The Australian dollar remains weak after falling last Friday. Looking at trading this morning, the currency is flat against most global peers. Last Friday, a statement by the Reserve Bank of Australia suggested that inflation was likely to remain weak. The currency weakened following the report as interest rate hike expectations fell. Looking at the Chinese yuan, the currency has been weak in the last few days, which is also weighing on the Aussie. We have previously noted that the fortunes of the Australian dollar are highly correlated with the Chinese yuan, given that China is Australia's largest trading partner. Our medium-term outlook on the currency remains bearish.
AUD/USD is currently trading just above 0.7640. Looking at EUR/AUD, the pair is currently just above 1.5210. The GBP/AUD exchange rate is currently above 1.710.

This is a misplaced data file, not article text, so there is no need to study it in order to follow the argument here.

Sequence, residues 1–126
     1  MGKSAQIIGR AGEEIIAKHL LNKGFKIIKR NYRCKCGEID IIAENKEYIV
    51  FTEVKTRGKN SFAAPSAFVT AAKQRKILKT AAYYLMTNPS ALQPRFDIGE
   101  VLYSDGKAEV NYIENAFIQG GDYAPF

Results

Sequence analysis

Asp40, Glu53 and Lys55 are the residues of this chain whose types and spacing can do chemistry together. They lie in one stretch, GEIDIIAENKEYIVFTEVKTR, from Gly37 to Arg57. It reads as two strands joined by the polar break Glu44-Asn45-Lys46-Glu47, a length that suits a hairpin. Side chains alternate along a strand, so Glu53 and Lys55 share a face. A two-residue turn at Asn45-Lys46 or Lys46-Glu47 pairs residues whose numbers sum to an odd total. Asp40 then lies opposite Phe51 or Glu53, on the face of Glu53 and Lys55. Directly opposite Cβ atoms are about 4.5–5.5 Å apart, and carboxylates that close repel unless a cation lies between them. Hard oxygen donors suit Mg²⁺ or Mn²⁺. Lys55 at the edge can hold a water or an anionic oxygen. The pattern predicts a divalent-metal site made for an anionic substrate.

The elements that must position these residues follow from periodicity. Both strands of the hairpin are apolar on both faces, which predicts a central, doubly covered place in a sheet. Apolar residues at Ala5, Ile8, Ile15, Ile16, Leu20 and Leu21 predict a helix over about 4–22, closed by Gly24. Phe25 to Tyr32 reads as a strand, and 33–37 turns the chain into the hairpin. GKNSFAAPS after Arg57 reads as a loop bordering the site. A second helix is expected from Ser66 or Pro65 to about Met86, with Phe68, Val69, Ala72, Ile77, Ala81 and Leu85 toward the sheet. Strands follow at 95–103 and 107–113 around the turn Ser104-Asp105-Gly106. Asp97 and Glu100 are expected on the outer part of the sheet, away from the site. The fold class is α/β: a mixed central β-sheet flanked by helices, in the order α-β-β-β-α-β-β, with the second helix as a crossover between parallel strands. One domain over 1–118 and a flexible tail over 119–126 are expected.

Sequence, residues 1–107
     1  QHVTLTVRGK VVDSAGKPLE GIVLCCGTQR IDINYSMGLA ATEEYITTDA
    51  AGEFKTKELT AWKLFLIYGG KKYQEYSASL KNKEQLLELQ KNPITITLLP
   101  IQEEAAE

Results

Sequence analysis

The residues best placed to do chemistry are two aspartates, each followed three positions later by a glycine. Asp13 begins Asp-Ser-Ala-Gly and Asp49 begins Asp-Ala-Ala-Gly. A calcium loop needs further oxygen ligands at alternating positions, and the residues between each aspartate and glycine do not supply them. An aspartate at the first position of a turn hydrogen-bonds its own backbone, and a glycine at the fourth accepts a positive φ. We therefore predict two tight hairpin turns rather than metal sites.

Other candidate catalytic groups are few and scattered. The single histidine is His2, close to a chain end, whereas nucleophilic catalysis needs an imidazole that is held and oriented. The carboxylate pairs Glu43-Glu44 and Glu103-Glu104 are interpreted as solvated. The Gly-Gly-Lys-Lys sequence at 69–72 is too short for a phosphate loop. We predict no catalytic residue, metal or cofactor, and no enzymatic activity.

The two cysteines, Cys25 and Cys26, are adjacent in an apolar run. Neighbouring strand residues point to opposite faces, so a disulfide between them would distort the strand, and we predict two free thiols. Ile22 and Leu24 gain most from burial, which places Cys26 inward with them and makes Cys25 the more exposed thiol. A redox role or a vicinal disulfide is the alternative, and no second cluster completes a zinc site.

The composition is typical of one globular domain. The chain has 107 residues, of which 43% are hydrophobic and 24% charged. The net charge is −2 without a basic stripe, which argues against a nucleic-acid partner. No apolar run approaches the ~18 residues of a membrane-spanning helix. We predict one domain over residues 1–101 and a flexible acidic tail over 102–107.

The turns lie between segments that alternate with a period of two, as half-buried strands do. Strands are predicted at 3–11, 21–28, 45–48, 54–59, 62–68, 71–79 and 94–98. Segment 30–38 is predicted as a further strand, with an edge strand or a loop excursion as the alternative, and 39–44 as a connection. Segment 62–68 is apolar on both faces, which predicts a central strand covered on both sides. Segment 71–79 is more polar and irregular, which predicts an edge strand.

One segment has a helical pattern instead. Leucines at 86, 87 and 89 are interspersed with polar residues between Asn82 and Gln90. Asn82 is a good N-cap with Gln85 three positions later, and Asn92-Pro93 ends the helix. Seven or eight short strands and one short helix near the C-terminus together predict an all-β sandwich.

This week’s economic data contains consumer confidence, employment and consumer inflation expectations. On Tuesday, we’ll see Westpac Consumer Confidence. Later on Thursday, we’ll get employment changes and the unemployment rate. Last week, the RBA maintained its cash rate (1.5%) while suggesting a weak outlook for inflation.
After weakening sharply in the latter half of October, we are downgrading the Australian dollar further to bearish. The currency is weak thanks to lower-than-expected inflation rates and falling Australian bond yields. Looking at a weekly chart, the Aussie has re-entered normal trading conditions having been overbought for most of September. Our analysis is based on various technical indicators.